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Australia ‘must stay out of US rivalry with China over pandemic’

Image: The White House, via Flickr

Coronavirus has been used to intensify policies of territorial division, says politics lecturer

The Trump administration is trying to “drive a wedge” between United States allies and China over the Covid-19 pandemic, and Australia must not get caught up in this divisive strategy, a political science academic has warned.

Oliver Villar, a politics lecturer at Charles Sturt University in rural New South Wales, says that US president Donald Trump is using the virus as “a convenient excuse” to attack China as a rising global power.

Villar says that Australia has become “uncomfortably caught between its largest trading partner, China, and its security partner and long-term ally”, the US.

“In other words, the coronavirus crisis has not led to international cooperation and has been used as a pretext to intensify existing rivalries and policies of territorial division,” he writes in an editorial published by the university.

“If it is true that China is partly responsible for the spread of the virus, it is equally true that the US and other governments were aware of the coming pandemic as far back as November 2019, according to intelligence reports.”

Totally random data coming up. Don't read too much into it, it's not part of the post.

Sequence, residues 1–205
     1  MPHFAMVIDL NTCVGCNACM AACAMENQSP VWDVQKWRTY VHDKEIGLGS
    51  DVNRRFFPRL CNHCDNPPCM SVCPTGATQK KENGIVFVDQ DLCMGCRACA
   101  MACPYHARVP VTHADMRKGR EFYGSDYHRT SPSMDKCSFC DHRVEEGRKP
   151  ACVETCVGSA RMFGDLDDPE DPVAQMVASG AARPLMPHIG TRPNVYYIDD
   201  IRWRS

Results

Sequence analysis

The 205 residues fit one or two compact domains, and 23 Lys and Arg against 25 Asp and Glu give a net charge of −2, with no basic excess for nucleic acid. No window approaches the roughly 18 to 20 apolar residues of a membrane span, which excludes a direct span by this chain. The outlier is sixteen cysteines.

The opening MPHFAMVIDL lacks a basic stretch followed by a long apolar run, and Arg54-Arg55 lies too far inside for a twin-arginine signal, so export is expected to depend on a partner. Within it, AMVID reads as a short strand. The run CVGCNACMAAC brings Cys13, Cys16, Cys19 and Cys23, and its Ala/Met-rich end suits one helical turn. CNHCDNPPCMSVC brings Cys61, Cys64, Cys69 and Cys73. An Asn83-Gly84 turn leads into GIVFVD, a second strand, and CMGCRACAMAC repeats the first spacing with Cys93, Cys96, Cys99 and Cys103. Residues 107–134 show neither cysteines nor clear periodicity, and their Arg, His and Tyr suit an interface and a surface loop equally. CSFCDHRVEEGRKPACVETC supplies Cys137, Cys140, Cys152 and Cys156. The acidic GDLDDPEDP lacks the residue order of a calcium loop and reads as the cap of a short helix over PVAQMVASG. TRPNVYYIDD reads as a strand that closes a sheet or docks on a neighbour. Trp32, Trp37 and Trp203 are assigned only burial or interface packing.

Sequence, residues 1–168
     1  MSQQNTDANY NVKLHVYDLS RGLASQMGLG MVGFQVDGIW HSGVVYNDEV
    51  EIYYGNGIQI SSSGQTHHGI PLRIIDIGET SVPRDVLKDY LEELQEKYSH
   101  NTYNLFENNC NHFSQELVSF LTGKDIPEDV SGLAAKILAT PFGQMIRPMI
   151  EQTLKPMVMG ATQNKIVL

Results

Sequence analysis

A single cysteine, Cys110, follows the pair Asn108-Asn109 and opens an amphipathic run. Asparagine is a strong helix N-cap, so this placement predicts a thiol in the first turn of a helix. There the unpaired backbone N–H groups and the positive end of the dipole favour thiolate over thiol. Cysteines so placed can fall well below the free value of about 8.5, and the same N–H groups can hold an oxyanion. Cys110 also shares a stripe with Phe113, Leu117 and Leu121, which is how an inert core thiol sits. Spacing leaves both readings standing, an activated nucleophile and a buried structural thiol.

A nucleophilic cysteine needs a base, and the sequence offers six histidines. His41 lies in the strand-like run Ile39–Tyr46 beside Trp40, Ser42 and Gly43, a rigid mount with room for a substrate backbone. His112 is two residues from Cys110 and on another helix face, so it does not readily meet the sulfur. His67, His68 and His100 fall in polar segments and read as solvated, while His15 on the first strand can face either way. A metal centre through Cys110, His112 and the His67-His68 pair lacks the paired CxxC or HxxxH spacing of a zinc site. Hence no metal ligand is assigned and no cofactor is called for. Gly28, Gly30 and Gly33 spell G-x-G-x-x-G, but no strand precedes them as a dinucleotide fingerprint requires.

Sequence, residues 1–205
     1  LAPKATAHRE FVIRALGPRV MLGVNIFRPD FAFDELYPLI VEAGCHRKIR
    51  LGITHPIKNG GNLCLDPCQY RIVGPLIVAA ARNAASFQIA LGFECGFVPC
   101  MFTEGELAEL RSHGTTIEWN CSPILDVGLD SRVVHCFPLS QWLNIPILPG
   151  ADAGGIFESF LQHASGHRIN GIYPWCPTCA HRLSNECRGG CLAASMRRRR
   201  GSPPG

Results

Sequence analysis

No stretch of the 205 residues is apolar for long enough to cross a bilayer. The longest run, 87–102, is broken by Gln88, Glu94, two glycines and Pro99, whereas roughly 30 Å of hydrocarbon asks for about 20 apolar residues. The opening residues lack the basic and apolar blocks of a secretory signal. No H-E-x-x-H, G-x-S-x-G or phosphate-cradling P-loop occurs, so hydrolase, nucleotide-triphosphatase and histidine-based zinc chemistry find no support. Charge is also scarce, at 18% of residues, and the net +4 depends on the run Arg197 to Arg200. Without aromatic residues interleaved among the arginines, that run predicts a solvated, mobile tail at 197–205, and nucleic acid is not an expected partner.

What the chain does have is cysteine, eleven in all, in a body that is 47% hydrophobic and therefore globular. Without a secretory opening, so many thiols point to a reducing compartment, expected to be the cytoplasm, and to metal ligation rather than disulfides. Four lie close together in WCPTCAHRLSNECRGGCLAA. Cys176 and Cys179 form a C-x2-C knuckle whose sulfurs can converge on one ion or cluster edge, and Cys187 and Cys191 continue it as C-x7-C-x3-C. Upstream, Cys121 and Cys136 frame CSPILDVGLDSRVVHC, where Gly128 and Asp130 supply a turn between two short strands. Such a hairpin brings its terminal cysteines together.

Villar says global political rivalries and differing policy reactions to the pandemic have emphasised “fragility of the world economy and the fallacy of international cooperation”.

“The coronavirus represents a colossal market failure; health services run for profit jeopardise the supply of essential products like ventilators and masks, and pro-employer policies do not provide for workers,” he says.

“Just how to make the world economy healthy again will depend on what kind of society we want…Will a return to normality lead to better trade and cooperation? Or will it continue to fuel restlessness, inequality, conflict, right-wing populism and even authoritarianism?”

Villar says that those who have been “hit the hardest” by the Covid-19 lockdown measures in Australia are casual workers.

“The troubled public healthcare system and inadequate social policies reflect the outcome of more than a decade of de-funding, leaving a system that is ill equipped to deal with a social-economic and health shock.”

Villar, who is based at CSU’s Bathurst campus, did his PhD at the University of Western Sydney on the political economy of South America’s global trade in illegal drugs. His book Cocaine, Death Squads and the War on Terror was published in 2011 by Monthly Review Press.